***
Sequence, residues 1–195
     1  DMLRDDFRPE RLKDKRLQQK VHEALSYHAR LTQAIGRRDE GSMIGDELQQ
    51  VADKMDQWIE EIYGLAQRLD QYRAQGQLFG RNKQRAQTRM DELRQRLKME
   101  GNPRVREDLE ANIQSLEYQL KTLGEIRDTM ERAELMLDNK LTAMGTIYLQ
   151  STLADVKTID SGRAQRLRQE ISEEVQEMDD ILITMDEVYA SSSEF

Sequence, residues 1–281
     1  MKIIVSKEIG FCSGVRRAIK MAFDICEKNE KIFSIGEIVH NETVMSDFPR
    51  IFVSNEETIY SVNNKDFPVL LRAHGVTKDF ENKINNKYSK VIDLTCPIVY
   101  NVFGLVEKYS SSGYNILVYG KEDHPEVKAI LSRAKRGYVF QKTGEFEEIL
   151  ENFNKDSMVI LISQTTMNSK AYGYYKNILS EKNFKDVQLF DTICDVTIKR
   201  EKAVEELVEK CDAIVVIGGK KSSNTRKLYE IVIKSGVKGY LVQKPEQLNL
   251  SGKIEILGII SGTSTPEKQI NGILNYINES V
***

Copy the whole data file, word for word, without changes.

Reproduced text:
Sequence, residues 1–195
     1  DMLRDDFRPE RLKDKRLQQK VHEALSYHAR LTQAIGRRDE GSMIGDELQQ
    51  VADKMDQWIE EIYGLAQRLD QYRAQGQLFG RNKQRAQTRM DELRQRLKME
   101  GNPRVREDLE ANIQSLEYQL KTLGEIRDTM ERAELMLDNK LTAMGTIYLQ
   151  STLADVKTID SGRAQRLRQE ISEEVQEMDD ILITMDEVYA SSSEF

Sequence, residues 1–281
     1  MKIIVSKEIG FCSGVRRAIK MAFDICEKNE KIFSIGEIVH NETVMSDFPR
    51  IFVSNEETIY SVNNKDFPVL LRAHGVTKDF ENKINNKYSK VIDLTCPIVY
   101  NVFGLVEKYS SSGYNILVYG KEDHPEVKAI LSRAKRGYVF QKTGEFEEIL
   151  ENFNKDSMVI LISQTTMNSK AYGYYKNILS EKNFKDVQLF DTICDVTIKR
   201  EKAVEELVEK CDAIVVIGGK KSSNTRKLYE IVIKSGVKGY LVQKPEQLNL
   251  SGKIEILGII SGTSTPEKQI NGILNYINES V